'This is the biggest game of my career' - Conor Murray highlights importance of All Blacks clash
Conor Murray says tomorrow’s first Test between his Lions side and New Zealand at Eden Park is the biggest game of his career.
The Munster and Ireland scrum-half made the comments at an eve of game press conference at the tourists’ Auckland base overnight as thousands of fans poured into the capital ahead of the eagerly anticipated clash.
Murray played in the second and third Tests of the Lions’ series win in Australia four years ago, while he has enjoyed big days for province and country but says tomorrow’s game against the world champions takes top billing.
The 28-year-old has been in sparkling form this season and has carried his good play on to the tour, becoming an indispensable part of the team Warren Gatland hopes will be able to enjoy the first victory over New Zealand on home soil since 2009.
"Yeah, to put simply. I think so," Murray said when asked if this games ranks as the biggest he’s played.
"Just to be involved in a group of players like this; the talent that we have... to get the nod from the coaches fills you with confidence.
"To test yourself against the best team in the world is going to be really special, so to put it simply, yeah.
"There'd be something wrong with you if you didn't enjoy this, if you didn't take it in.
"Just being out for a walk, there's may more fans on the streets and the buzz is building nicely.
You've got to bring it back to the enjoyment, this is a massive opportunity and honour and you've got to take it all in and enjoy it as much as you can."
Murray’s box-kicking and decision-making will be central to the Lions’ game-plan as they look to become the first away team to beat the All Blacks at their spiritual home where they haven’t lost a game since France won there in 1994.
"I think we're all aware of it. We've all played in Eden Park and we know how tough it is to win here. Teams have played against New Zealand and come close, the home nations have won against New Zealand in the past, so I think we're drawing on that more so than looking at their impressive record in Eden Park," Murray said.
"This is a whole new team, a whole new pod of players with massive talent and I think we're more excited about that.
"It is a really impressive record but if there ever was a team that has the potential if we click, we'd be excited about what we can do.
"That's the challenge, a challenge against the best team in the world and it's where you want to be.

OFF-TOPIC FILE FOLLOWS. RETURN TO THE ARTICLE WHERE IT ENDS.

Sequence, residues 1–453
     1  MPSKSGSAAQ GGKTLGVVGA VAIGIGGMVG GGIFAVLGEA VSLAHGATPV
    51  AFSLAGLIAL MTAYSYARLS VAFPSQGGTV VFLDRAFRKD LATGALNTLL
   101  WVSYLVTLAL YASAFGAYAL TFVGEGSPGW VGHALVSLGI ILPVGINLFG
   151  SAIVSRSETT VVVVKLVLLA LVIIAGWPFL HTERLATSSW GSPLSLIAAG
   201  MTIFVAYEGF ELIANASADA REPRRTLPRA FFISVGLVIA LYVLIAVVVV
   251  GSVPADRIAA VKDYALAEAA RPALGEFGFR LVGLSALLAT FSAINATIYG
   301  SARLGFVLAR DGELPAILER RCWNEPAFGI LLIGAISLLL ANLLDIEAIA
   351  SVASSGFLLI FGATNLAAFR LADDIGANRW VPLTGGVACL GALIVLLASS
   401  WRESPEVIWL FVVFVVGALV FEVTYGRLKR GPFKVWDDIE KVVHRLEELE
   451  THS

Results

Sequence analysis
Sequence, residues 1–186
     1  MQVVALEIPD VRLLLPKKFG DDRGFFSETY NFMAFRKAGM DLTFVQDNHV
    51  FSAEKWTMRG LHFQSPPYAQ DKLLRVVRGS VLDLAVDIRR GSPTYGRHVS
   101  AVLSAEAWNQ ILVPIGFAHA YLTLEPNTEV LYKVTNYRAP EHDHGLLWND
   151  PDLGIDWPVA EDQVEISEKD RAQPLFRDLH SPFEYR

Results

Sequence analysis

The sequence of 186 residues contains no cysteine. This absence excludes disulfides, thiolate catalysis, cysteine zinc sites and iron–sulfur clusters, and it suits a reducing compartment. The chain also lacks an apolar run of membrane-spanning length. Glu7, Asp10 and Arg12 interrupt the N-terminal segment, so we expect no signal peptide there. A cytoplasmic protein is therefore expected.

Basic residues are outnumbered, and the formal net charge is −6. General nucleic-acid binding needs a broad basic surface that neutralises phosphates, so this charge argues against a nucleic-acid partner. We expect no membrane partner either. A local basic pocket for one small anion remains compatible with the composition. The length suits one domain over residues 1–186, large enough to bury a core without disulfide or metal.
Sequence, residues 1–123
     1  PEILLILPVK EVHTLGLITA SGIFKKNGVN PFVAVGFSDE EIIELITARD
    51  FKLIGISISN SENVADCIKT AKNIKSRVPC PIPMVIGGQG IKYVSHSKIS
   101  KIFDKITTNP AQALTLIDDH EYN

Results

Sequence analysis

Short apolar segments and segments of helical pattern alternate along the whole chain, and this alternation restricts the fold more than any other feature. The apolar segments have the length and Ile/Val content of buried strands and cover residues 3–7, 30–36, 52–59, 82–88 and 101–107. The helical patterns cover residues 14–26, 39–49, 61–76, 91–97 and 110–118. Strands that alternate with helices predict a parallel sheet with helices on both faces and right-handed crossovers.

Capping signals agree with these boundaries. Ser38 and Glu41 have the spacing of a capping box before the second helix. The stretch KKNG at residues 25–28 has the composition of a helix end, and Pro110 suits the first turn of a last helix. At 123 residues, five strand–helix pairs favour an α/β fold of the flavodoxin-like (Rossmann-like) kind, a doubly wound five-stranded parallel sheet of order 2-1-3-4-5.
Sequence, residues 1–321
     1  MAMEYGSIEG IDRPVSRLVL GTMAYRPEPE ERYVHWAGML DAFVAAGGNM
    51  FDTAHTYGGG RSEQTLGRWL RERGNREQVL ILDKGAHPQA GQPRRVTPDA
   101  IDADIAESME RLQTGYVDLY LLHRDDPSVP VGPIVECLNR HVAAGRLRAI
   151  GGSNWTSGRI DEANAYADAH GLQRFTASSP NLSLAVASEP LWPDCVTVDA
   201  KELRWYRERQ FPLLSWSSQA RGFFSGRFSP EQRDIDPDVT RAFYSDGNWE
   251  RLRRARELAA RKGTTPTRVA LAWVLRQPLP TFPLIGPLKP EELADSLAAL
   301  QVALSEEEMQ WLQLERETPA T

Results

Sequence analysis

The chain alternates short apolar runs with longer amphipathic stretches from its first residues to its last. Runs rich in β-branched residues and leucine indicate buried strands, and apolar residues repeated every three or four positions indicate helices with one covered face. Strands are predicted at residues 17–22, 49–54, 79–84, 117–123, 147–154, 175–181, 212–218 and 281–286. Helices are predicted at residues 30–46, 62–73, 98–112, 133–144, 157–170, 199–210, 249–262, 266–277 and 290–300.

"I think we have a side that can manage a game quite well, we've got subs that can come on and steady the ship or continue in that style of play, that's going to be crucial.
"The same if it becomes open, the coaches back us to play heads-up rugby as well. If we see opportunities and we want to go for them they'll back us. We've got to be ready for any type of game against the All Blacks. They can throw anything at you and you've got to be able to adapt.
"We've trained well and hopefully we've covered our bases enough to put in a performance."
Murray said the Irish players who enjoyed success against the world champions in Chicago last November will draw on that experience.
"It's something you definitely take confidence from, it's not the be all and end all, it was a long time ago," he said of the Soldier Field win.
"But to show that it can be done is certainly something we can be proud of. We have looked at that game and certain things we did we will try and implement as well, but again it is a new group of players, it’s a completely different task but to know that it can be done is definitely something we are going to build off.”
Murray’s long-term team-mate Peter O’Mahony is captain of the side for tomorrow’s game and the Limerick man says his old mate has not been fazed by the job.
"I’ve known Pete for years and years, and it’s really refreshing to see that it hasn’t changed him at all. He hasn’t tried to be a different person since he’s been named captain," he said.
"He’s just gone about rugby the way he usually does. He’s a guy who, when he speaks, people listen to him. His messages are thought out and they’re clear. They have meaning behind them. He doesn’t talk all the time. He talks when it’s needed, and people respond to that.
"Then playing-wise, you’ve seen it for years. He’s a hard player, he will try his best to lead by what he does on the pitch and people are going to follow him.
"I’m delighted for him. I’m delighted for him and his family. It’s a massive thing for him, and I think he’s itching to get out there now and play for the Lions in a test game.
"It was always in him, he was always a leader, he was always someone who if something wasn’t done right he’d want to put it right and he wouldn’t be happy until it was just knowing him as a person, when we all came into Munster with the like of Paul O’Connell, O’Gara, all these guys, we have grown with them and probably taken a lot of experience off the, and learned an awful lot.
"For me, from a young age at underage sides where Pete captained me, he has been the same.
"Obviously, he has learned as time as gone on, as different experiences have come his way, he has developed his leadership skills because it has taken him to a whole new level now and the really pleasing thing from my point of view is that it hasn’t changed him and he hasn’t changed this week.
"He doesn’t seem more stressed, he has taken it in his stride, it has always been a dream of his to captain the Lions and you know the lads really respect him.
"He speaks and you can see lads listening and that is massive."